I was wrong. I thought the scrag-end of the Amy Pond arc, this minute epilogue to the two-year saga, couldn’t do justice to her story. To my surprise this episode, which proved there was still room for a Pond tale, also bore all the hallmarks of a Russell T. Davies parallel Earth story.
In the 1970s, UNIT stories were always a couple of years in the future as were pretty much all of the RTD “present” day Earth stories. At the time of airing this provides some justification for the fact that we never saw a spaceship crash into Big Ben, or watched on TV the invasion of the Sycorax or read about The Battle of Canary Wharf. But it’s always bothered me that UNIT stories tell us Doctor Who is not set in “our” Universe, but one with an alternate Britain which has a £5 coin and late twentieth century king. Or, at least, it used to until one story – a story that was so brilliant it made me realise epic potential of this story-telling device – was aired, and so perhaps this story is easier to enjoy than some of those early RTD episodes.
Echoes of RTD
This story does all the things those RTD stories did – indeed as people take the cubes into their houses, it almost precisely mirrors Army of Ghosts – it even echoed those news reports with prominent landmarks that always included the Eiffel Tower, Big Ben and the Taj Mahal (not to mention reality TV). But for some inexplicable reason, I was totally seduced by the charm of this story. It’s wonderful. Amy & Rory are wonderful. Brian “don’t knock my log” Williams is wonderful, Rory and Brian are wonderful together. Matt Smith is excellent. Apparently identical, entirely unique cubes are wonderful. Invasion by cubes is utterly, utterly brilliant. The final cheesy line about exponents is perhaps the only flaw I can find.
The story, anyway, is a back-drop to Amy and Rory’s two lives finally coming together. I’d hardly even noticed how sinister and scary it was getting until I found myself spooked by the cube-mouthed orderlies and the worm-hole in the lift, and creepy creepy Steven Berkoff.
This episode also manages to transform the militaristic, human-rights abusing, gun-toting UNIT of recent years back into a cuddly, scientific, er, gun-toting outfit a little more like the UNIT led by the Brigadier. But, most touchingly of all, further tribute is paid to the Brigadier in the form of the wonderful Kate Stewart portrayed by Jemma Redgrave. True, I initially thought of The Times’ cookery writer. But it’s wonderful to see the influence of the Brigadier in this character. The phone call in The Wedding of River Song was a lovely, lovely tribute, albeit one in which Courtney/Lethbridge-Stewart’s absence was felt. But why should his story end there? The Doctor is surely not the only one such a man would have influenced, and in his daughter we see his real legacy. I hope that Jemma Redgrave returns.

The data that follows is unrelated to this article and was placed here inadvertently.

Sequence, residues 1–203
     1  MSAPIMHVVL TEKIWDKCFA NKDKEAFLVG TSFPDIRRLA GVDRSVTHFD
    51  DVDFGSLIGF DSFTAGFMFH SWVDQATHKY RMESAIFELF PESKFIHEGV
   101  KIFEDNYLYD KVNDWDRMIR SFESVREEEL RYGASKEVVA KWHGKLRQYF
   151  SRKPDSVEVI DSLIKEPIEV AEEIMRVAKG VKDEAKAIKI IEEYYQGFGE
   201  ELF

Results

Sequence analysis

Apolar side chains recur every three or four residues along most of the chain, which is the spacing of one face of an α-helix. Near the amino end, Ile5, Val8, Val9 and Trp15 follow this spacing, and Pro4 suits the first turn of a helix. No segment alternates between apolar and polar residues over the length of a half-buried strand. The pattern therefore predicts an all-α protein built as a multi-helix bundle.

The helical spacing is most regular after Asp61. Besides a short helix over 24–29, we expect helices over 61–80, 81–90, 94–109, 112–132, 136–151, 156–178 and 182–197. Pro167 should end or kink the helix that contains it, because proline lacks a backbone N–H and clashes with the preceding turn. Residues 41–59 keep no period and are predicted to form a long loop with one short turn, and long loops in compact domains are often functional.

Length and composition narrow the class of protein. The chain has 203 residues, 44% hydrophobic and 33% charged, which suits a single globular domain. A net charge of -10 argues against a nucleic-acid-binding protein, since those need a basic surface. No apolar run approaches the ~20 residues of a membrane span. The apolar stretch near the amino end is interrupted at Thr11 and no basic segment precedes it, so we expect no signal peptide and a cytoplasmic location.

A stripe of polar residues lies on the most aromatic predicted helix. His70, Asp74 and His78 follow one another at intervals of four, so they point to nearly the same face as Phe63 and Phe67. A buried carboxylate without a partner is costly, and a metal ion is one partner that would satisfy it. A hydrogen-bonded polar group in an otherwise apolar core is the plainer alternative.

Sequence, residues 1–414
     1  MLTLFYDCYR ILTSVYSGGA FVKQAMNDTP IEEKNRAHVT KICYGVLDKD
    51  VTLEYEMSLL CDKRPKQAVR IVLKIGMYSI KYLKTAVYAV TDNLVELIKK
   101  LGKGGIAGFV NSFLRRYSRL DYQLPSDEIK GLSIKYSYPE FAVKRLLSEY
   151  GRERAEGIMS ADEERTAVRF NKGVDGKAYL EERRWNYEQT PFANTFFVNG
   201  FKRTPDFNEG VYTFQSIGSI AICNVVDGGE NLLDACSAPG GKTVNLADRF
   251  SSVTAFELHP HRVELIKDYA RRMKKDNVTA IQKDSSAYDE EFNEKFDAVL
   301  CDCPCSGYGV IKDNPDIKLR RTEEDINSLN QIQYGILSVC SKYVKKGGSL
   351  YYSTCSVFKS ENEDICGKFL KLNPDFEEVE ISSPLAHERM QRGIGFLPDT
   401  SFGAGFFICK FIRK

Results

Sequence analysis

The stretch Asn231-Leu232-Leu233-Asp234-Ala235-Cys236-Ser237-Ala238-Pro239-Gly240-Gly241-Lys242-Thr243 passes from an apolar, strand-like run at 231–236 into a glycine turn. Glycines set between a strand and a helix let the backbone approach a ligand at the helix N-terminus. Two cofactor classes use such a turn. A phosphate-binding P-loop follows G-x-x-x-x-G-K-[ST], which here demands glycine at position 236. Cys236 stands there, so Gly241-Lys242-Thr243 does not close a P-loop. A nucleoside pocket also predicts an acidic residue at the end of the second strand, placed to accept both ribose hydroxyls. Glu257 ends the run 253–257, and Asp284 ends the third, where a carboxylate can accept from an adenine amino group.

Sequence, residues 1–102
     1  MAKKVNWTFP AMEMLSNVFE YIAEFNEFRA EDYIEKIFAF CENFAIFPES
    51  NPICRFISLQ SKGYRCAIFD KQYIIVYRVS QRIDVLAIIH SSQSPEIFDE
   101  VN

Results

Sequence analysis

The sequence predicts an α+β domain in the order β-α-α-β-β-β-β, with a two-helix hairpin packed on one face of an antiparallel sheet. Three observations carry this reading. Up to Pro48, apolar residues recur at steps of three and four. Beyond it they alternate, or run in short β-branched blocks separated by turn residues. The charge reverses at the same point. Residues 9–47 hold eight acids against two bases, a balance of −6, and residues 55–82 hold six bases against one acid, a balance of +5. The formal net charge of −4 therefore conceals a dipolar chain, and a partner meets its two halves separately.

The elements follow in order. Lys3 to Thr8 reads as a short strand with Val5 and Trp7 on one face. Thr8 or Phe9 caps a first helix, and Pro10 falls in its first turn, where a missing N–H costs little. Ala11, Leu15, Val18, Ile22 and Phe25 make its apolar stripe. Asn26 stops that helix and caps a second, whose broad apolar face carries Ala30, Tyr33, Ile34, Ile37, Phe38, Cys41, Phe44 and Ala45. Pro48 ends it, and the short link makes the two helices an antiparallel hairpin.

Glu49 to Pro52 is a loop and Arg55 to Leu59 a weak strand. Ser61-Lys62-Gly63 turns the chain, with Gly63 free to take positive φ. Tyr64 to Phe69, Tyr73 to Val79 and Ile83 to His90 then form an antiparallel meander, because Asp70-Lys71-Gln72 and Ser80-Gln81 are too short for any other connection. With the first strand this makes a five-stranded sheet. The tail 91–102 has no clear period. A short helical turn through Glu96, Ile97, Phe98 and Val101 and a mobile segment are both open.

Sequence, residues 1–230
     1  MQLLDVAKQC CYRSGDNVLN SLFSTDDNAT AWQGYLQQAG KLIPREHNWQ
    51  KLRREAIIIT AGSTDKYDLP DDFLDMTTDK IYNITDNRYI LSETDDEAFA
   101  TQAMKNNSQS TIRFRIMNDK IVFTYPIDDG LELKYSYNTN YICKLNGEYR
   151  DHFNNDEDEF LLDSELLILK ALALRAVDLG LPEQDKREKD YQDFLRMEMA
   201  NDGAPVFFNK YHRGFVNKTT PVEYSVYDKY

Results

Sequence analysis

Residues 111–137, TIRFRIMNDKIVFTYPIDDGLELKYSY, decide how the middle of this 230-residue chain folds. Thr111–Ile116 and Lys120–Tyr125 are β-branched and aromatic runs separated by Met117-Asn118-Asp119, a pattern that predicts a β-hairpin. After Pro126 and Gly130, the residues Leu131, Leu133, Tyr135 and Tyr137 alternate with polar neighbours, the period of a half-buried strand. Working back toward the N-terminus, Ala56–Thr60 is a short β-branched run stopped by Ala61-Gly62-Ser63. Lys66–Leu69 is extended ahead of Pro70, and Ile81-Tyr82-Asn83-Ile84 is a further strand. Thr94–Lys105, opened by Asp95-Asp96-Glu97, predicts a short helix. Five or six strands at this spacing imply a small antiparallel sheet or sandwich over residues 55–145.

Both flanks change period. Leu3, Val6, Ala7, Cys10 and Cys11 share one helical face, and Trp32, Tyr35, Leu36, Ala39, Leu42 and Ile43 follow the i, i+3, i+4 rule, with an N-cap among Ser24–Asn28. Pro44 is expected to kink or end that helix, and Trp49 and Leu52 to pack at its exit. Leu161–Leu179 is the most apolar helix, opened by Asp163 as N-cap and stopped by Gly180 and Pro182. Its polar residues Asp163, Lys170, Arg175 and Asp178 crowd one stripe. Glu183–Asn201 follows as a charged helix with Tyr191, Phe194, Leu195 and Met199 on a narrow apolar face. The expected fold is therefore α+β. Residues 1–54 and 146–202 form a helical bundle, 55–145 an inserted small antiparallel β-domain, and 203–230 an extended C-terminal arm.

This is the story Pond Life was leading into. It has the same month-by-month calendar effect; it’s the story of life with the ponds. And when the Doctor crashes into their bedroom, prior to their encounter with Dinosaurs (but after the encounter for him) the invasion which he describes is presumably the invasion of the cubes. In other words, for the Doctor, episode 2 of Pond Life takes place during The Power of Three.
For the Fans
This was first and foremost about the ongoing Amy and Rory story, with the episode plot far away in the background. (The plot was fine, although if I had one criticism of the episode, and it is only the one, it was that the threat was ultimately averted by waving the sonic screwdriver around – the tension having built up nicely all the way through it suddenly dissipated when the Shakri vanished.) But that meant it was a story for the long term fans – perhaps the very long term fans, given the pay-off for those who have been following the story of the Brigadier (first appearance 44 years ago) and that’s without the references to K9, Zygons and Gallifreyan physiology. I’m not sure that the casual viewer would have made so much sense of it.
But there was so much that was lovely about it: the Brigadier’s daughter, Amy and the Doctor’s conversation on the wall, Brian (generally) that I feared all the happiness would make my head asplode. Well, perhaps not happiness; there is melancholy in that the Brigadier is dead, Amy and Rory have to make a choice.
For the first time, since those rather clumsy attempts in School Reunion, we have a successful exploration of the parting between Doctor and companions. The Doctor’s vulnerability “Can I stay here… I miss you.” The Doctor’s impatience. The Doctor’s fear of the tyranny of linear time. The whole speech outside The Tower…
There is so much to see because it goes so fast. I’m not running away from things, I’m running to them because they flare and fade so fast… You were the first face this face ever saw. I’m running to you.
An unusually, delightfully upbeat and massively entertaining story. When The Tally is made, I’d back The Power of Three every time.
I wonder what’ll happen next week?